In bench life, shown in Table 5, the invention offers initial tensile strengths that are initially higher than, and subsequently higher or comparable to, the conventional system. The initial rate of tensile loss, through one hour sand mix age is greater for the invention. However, for sand mix age of one hour through three hours the invention has approximately the same rate of tensile strength loss as the conventional system.
Tables 6 and 7 illustrate the advantage of the invention in terms of resistance to water-based coatings. For both sets of data, cores were dipped in a water-based coating and then baked to dry the cores. For the data of Table 6, cores were baked for 25 minutes at 315° F. For the data of Table 7, cores were baked for 10 minutes at 315° F. The cores were then allowed to cool, exposed to ambient conditions, and were tested for strength at the times indicated on the graphs. Table 7 further illustrates that the advantages realized with the invention are separable from any effects due to the use of long-chain esters.
To the KITCHEN AID mixer employed in Examples 1 and 2 was added about 3000 grams of round grain silica sand. To a depression in the sand, on one side of the mixing bowl of the mixer was added approximately 17.2 g of a part one Solution containing conventional part 1--phenolic resole resin SIGMA SET 6100 and manufactured by Borden, Inc./North American Resins, Louisville, Ky.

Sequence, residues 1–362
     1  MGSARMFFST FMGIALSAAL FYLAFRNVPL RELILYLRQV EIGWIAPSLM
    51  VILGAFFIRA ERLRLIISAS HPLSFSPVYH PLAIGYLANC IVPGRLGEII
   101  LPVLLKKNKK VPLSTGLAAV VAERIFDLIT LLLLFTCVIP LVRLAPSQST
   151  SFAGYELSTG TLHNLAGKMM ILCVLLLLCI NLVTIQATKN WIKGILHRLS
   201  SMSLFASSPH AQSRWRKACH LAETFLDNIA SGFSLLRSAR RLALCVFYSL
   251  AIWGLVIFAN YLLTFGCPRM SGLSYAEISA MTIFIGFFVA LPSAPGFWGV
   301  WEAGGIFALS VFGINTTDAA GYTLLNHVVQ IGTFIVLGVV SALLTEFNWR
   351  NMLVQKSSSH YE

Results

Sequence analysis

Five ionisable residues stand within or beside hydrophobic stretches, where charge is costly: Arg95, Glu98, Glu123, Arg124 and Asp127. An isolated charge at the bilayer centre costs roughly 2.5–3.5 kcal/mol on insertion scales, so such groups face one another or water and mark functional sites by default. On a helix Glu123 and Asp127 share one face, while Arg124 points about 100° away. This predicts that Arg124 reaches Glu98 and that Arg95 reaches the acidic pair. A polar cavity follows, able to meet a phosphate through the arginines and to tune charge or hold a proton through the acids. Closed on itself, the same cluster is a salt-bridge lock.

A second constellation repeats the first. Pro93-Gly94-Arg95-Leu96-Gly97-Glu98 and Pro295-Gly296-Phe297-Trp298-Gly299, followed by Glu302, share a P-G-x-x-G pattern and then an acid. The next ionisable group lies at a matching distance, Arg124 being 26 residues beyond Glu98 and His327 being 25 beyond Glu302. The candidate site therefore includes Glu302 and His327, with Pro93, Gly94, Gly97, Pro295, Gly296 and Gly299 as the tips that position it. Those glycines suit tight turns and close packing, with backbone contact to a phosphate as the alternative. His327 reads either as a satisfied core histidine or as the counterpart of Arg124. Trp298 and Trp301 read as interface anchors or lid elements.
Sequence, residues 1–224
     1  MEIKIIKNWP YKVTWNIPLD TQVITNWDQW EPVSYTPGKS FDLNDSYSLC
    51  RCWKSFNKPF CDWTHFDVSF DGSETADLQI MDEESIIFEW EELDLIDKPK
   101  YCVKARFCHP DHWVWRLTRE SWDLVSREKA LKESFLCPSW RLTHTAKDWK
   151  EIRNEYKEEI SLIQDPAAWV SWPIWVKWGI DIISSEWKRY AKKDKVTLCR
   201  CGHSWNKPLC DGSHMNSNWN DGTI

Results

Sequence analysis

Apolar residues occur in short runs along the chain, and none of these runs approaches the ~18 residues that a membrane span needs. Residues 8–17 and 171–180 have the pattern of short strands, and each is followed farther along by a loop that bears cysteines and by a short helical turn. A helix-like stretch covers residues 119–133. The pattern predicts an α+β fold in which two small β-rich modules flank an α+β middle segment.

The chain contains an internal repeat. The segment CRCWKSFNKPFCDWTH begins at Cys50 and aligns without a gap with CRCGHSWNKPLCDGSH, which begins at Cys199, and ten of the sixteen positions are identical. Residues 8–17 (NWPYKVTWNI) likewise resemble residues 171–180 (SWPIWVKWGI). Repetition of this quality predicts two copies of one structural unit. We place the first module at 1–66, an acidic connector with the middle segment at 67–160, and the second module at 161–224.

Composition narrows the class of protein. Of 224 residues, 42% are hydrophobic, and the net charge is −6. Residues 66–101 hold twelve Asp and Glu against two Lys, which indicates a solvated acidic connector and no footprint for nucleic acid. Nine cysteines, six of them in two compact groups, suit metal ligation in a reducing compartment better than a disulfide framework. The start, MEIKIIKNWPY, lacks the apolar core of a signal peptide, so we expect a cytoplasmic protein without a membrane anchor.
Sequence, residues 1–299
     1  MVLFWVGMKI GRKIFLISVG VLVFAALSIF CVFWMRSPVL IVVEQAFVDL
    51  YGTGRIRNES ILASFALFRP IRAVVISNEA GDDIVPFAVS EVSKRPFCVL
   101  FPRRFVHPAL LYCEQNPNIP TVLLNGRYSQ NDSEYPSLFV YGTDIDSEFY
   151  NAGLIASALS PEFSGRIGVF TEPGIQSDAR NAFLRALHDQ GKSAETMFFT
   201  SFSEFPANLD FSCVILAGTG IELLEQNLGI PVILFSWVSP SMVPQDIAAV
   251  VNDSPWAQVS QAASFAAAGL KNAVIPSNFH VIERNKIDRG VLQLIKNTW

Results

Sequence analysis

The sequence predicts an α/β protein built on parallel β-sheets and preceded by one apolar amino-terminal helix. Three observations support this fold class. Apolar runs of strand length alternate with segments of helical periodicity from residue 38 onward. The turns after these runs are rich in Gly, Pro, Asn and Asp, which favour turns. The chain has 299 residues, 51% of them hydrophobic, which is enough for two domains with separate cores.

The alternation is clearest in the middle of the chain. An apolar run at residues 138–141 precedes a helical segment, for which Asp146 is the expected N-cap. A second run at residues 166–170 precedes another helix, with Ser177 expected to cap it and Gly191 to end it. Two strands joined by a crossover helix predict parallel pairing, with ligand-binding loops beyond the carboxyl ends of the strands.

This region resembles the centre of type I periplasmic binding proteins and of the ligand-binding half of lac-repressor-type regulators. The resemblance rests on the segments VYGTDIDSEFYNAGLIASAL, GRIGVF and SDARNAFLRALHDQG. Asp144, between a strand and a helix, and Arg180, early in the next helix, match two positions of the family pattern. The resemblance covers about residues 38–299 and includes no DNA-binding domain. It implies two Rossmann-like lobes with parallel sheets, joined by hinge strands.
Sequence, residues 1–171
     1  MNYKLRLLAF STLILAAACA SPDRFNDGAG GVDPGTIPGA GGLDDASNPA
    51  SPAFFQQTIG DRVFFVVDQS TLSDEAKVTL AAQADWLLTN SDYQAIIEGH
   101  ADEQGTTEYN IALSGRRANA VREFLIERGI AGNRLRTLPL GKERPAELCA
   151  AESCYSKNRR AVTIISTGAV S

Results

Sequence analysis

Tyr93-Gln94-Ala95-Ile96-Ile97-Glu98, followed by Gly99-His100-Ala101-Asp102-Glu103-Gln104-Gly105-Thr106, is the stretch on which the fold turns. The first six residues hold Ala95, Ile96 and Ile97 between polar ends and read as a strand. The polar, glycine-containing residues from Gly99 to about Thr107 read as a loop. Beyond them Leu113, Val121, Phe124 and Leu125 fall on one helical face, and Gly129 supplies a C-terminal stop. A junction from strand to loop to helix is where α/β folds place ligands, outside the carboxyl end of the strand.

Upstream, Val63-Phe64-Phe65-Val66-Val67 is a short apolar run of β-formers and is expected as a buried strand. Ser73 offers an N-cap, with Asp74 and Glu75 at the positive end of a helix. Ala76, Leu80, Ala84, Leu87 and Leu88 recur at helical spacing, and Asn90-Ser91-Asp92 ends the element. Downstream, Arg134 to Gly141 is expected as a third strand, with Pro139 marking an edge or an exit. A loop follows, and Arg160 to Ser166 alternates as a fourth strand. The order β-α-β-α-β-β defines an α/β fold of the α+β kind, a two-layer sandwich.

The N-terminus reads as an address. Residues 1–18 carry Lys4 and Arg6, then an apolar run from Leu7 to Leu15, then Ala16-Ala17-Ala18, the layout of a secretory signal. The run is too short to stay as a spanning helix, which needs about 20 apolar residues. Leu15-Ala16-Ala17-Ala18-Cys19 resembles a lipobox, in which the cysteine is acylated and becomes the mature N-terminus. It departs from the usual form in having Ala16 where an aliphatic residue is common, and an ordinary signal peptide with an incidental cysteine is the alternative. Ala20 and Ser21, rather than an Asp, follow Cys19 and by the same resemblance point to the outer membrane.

To 17.2 grams of the part one Solution of SIGMA SET 6100 resin was added 0.9 ml of SIGMA SET 6720 liquid tertiary amine catalyst solution. Then approximately 14.1 grams of a part two methylene biphenyl diisocyanate solution was added to a depression in the sand opposite that containing the part one and catalyst components. The part two-isocyanate solution had the composition listed in Table 8.
TABLE 8______________________________________Isocyanate Solution IVComponent Weight %______________________________________Isocyanate17 71Aromatic Hydrocarbons10 25.5Plasticizer18 2Paraffinic Oil12 0.5Epoxy Resin13 1______________________________________ 10 SURESOL 150 ND, Koch Chemical Co., Corpus Christi, Texas 12 SEMTOL 70, Witco Chemical Co., New York, NY 13 DOW DER 331, Dow Chemical Co., Midland MI 17 M2OS Polymeric methylene diisocyanate, BASF, Parsippany, NJ 18 TXIB, plasticizer 2,2,4trimethyl-1,3-pentanediol diisobutyrate, manufactured by Eastman Chemical Products, Inc., Eastman Kodak Company, Kingsport, TN
The sand was discharged from the mixer after mixing the sand and components for one minute. This results in a mixture of sand and binder containing 1.25 weight percent binder. The binder being 55/45 weight ratio of part 1/part 2 components. The resin-sand mixture was used immediately to form standard American Foundry Society 1-inch dog-bone tensile briquettes using a Dietert 12 gang core-box. A batch of dog-bone briquettes or cores were cured at room temperature and cores were broken at 12 minutes after being removed from the core-box. This first batch was not coated with water-based coating.